[ kuh-myoo-ni-tee ]
/ kəˈmyu nɪ ti /
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See synonyms for: community / communities on Thesaurus.com

noun, plural com·mu·ni·ties.
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Origin of community

First recorded in 1325–75; from Latin commūnitās, equivalent to commūni(s) “common” + -tās noun suffix; replacing Middle English comunete, from Middle French, from Latin as above; see common, -ty2;

synonym study for community

1. Community, hamlet, village, town, city are terms for groups of people living in somewhat close association, and usually under common rules. Community is a general term, and town is often loosely applied. A commonly accepted set of connotations envisages hamlet as a small group, village as a somewhat larger one, town still larger, and city as very large. Size is, however, not the true basis of differentiation, but properly sets off only hamlet. Incorporation, or the absence of it, and the type of government determine the classification of the others.


com·mu·ni·tal, adjectivepro·com·mu·nity, adjective
Dictionary.com Unabridged Based on the Random House Unabridged Dictionary, © Random House, Inc. 2023


What is a community?

A community is a social group whose members have something in common, such as a shared government, geographic location, culture, or heritage.

Community can also refer to the physical location where such a group lives. It can refer to a town, city, village, or other area with a formal government whose residents share a nationality or culture, as in A group of town citizens decided to clean up the litter in their community. 

Community can also refer to the people who live in this area, as in Filipe was able to raise money for the city’s homeless shelter with help from the community.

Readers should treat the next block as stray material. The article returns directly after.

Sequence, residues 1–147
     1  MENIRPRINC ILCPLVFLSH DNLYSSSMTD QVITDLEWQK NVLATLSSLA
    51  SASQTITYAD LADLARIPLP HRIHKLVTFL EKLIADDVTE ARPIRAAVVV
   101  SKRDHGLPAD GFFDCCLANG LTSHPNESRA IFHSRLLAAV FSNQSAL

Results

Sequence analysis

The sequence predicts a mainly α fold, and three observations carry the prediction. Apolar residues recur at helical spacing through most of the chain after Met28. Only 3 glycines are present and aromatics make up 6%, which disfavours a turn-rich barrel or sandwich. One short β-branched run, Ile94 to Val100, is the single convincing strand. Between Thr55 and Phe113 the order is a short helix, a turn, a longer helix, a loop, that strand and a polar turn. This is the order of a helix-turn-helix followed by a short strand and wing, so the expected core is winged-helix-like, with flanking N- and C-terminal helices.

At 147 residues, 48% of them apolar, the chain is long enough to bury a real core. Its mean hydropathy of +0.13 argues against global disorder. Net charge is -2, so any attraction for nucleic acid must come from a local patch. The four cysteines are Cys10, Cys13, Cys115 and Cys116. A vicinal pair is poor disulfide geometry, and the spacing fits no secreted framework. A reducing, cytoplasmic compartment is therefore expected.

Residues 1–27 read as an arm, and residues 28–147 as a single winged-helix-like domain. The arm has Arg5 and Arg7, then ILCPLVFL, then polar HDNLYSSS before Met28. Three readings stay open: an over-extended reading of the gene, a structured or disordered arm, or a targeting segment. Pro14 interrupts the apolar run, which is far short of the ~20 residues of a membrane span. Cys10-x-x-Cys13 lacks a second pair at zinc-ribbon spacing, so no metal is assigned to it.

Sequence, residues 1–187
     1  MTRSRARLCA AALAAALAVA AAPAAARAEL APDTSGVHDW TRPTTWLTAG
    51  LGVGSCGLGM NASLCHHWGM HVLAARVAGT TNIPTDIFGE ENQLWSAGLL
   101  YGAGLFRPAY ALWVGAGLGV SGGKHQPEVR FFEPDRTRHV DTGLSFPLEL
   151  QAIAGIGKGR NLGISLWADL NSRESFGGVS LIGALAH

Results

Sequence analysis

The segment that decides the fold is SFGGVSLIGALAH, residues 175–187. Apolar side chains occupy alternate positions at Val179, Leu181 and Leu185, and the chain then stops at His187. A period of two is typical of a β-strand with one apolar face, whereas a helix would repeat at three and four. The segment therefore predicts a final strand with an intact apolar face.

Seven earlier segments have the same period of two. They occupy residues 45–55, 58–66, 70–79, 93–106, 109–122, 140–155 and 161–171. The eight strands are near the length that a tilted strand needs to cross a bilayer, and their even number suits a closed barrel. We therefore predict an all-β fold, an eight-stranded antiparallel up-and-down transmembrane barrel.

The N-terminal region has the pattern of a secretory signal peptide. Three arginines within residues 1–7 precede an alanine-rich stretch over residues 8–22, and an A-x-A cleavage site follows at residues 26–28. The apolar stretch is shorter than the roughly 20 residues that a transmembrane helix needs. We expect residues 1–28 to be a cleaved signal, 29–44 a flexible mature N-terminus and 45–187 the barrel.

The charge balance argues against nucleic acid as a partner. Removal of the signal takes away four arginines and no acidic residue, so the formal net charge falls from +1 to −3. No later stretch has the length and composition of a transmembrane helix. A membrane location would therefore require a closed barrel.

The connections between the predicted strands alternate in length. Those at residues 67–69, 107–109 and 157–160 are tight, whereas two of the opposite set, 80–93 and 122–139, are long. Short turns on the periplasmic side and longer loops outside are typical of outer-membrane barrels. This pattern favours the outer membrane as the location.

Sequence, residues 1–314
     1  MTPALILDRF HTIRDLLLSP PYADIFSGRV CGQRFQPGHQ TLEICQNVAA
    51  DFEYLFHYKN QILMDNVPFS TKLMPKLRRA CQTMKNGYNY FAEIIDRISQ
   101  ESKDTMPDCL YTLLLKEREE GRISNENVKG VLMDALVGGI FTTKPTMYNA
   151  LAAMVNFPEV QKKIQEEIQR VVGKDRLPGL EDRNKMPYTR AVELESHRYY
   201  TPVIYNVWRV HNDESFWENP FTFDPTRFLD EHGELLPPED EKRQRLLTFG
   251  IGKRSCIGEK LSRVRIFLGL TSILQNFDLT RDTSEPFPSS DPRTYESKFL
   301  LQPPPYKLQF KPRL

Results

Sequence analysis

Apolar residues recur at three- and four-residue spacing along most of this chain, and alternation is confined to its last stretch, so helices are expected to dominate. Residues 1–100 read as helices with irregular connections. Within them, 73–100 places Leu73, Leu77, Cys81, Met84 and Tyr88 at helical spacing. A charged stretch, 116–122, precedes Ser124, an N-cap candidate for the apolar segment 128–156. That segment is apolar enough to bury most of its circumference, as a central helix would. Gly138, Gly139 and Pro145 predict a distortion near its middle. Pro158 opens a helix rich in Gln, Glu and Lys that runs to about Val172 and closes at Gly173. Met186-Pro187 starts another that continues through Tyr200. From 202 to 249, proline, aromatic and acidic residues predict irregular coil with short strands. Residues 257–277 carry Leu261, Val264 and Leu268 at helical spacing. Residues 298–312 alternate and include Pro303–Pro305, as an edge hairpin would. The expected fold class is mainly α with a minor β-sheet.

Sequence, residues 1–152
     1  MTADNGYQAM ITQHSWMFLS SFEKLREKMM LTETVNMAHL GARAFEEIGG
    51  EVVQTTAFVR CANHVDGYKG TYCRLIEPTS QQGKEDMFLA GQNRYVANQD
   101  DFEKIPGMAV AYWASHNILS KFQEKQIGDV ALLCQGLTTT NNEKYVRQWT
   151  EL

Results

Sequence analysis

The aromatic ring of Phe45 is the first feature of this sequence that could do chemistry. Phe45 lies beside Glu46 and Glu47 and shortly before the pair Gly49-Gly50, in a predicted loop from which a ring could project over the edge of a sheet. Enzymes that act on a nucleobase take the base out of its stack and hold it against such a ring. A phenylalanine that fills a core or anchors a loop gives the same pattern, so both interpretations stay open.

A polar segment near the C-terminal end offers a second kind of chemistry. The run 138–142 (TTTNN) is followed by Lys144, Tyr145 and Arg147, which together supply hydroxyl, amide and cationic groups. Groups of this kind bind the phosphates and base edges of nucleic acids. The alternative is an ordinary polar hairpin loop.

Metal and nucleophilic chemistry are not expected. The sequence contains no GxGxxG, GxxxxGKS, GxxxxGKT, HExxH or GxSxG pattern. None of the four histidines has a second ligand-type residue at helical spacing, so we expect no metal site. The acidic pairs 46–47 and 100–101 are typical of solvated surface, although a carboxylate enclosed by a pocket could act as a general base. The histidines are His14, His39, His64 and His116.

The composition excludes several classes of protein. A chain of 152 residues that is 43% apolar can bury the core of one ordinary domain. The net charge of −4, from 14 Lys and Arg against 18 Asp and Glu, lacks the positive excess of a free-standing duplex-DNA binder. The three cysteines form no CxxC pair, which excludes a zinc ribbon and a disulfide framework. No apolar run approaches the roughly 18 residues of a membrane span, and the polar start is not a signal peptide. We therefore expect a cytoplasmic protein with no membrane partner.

More generally, community can refer to a group that shares some trait or quality that separates it from the wider population as in Tracy was excited to find that the Muslim community in her city often held free talks on being a Muslim American. 

Example: Ria entered politics to help improve the lives of the people in her community. 

Where does community come from?

The first records of the word community comes from around 1325. It comes from the Latin commūnitās, meaning “joint possession or use.” A community has something in common, such as a geographic location or a shared culture.

In terms of a specific location, community is a more general term than words like burrough, village, or city. When you refer to the community you live in, you could mean something as small as your neighborhood or as large as a metropolitan area.

The sense of community that refers to a group of people with shared traits or qualities is frequently used when people talk about demographics. You have probably heard of polls or studies of “the Hispanic community” or “the Christian community,” for example. You’ll find this usage in academics, politics, business, and similar fields.

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What are some other forms related to community?

  • communital (adjective)
  • procomunity (adjective)

What are some synonyms for community?

What are some words that share a root or word element with community

What are some words that often get used in discussing community?

How is community used in real life?

The word community is common and is often used to refer to groups of people or the places where they live.

Try using community!

Is community used correctly in the following sentence?

The charity group raised money to help local communities impacted by hurricanes.

How to use community in a sentence

British Dictionary definitions for community

/ (kəˈmjuːnɪtɪ) /

noun plural -ties

Word Origin for community

C14: from Latin commūnitās, from commūnis common
Collins English Dictionary - Complete & Unabridged 2012 Digital Edition © William Collins Sons & Co. Ltd. 1979, 1986 © HarperCollins Publishers 1998, 2000, 2003, 2005, 2006, 2007, 2009, 2012

Scientific definitions for community

[ kə-myōōnĭ-tē ]

A group of organisms or populations living and interacting with one another in a particular environment. The organisms in a community affect each other's abundance, distribution, and evolutionary adaptation. Depending on how broadly one views the interaction between organisms, a community can be small and local, as in a pond or tree, or regional or global, as in a biome.
The American Heritage® Science Dictionary Copyright © 2011. Published by Houghton Mifflin Harcourt Publishing Company. All rights reserved.